New Canadians in Windsor see rise in diabetes
Windsor's immigrant population is witnessing an alarming rise in the rate of diabetes, according to the Canadian Diabetes Association.
Maha Dabavneh moved from Jordan one year ago and said she was surprised and overwhelmed by how much unhealthy prepared food Canadians consume.
"They eat at restaurants, especially fast food and I think this is hazardous. You can't have it all the time, I don't believe in it," said Dabavneh.
"You are exposed to a big, big supermarket. I see here that Canada has big supermarkets."
Back in her country, she said, everything was freshly prepared every day.
She doesn't even own a microwave because she still cooks everything from scratch for her husband and two kids.
Dabavneh's parents have diabetes and she always cautions her pre-teens about unhealthy eating.
"I told them, 'you see how your grandfather was suffering because of diabetes?' They understand that it's not right to have that much food or sugar," sakd Dabavneh.
Windsor newcomer rate trails only Toronto
Certified diabetes educator Kelly Dickson said Windsor's newcomer rate is 22 per cent, just behind Toronto.
Type 2 diabetes is spiking, she said, mainly because of a change in diet and physical activity for those entering the country.
"When they move to Canada and there's an abundance of food, particularly higher fat foods, they tend to store more of that food and they can gain weight a little bit more easily," said Dickson.
The South Asian, Aboriginal and Arabic communities have higher rates of diabetes compared to the Caucasian community, she added.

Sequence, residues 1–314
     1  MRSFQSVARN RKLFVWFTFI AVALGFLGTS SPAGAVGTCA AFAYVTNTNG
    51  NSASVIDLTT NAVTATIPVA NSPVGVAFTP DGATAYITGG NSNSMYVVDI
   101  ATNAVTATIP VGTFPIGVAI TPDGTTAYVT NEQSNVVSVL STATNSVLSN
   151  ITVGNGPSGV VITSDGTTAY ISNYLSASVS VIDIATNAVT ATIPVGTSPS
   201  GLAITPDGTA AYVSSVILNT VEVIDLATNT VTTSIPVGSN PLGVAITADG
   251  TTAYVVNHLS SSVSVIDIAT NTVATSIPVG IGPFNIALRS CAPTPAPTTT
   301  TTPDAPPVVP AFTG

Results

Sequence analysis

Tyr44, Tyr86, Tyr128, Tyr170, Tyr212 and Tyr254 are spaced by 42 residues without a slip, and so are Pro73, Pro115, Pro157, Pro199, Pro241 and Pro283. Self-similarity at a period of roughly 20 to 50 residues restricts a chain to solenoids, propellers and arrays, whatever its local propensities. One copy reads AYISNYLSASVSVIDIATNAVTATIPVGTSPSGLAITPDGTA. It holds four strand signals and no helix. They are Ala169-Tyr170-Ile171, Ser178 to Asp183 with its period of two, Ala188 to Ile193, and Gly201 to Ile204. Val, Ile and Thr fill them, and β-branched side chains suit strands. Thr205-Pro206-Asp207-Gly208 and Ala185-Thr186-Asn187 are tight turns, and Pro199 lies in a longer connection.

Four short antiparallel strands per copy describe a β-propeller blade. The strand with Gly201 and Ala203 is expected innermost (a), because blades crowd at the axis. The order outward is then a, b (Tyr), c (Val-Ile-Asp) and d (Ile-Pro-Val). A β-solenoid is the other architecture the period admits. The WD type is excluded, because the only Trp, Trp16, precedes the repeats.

South Asians have a six times greater risk of being diagnosed.
Dickson works at the Windsor-Essex Community Health Diabetes Wellness program with Charlene Salmon, who's also a certified diabetes educator.
Salmon said 250,000 immigrants move to Canada every year, some of whom already have diabetes.
"It's not new to us, and it's been a growing problem," said Salmon.
Genetics, location of weight affect diabetes
Sometimes, genetics play a role; other times, it could be the way weight is carried on the body, she said.
"If you and I were 20 pounds overweight, and I carried my weight in my belly and you carried your weight in your hips and thighs, then I'm going to be more likely to develop diabetes because the weight you carry in your belly impedes how your insulin works," said Salmon.
Both Salmon and Dickson work with immigrants by providing information, services and group sessions to help them seek out the necessary help to tackle diabetes.
Being culturally sensitive about food and exercise with immigrants in something Salmon said she must keep in mind.
"Some cultures, it's frowned upon. They don't want to seek medical attention because they have diabetes because it's not a good cultural thing for them, their family looks down upon that," said Salmon.
Health officials say it's important to receive early diagnosis and treatment.
"You can't just go to your doctor and they give you a pill and it's fixed. There's a lot of lifestyle modifications that have to go along with that and it's that day-to-day living with diabetes that makes it challenging for people," said Salmon.
An increase in diabetes among immigrants is also affecting local hospitals
Windsor Regional Hospital chief of medicine Dr. Joseph Shaban said this is one of the reasons Windsor may have more overweight and obese people compared to the rest of Ontario.
"A lot of the people that come to this area are from areas that have low obesity rates, and when they come here they adopt our cultural and dietary habits, and our diets tend to be higher in fat, lower in whole grains, lower in vegetables and fruit," said Shaban.
The best way to combat obesity, he said, is through prevention.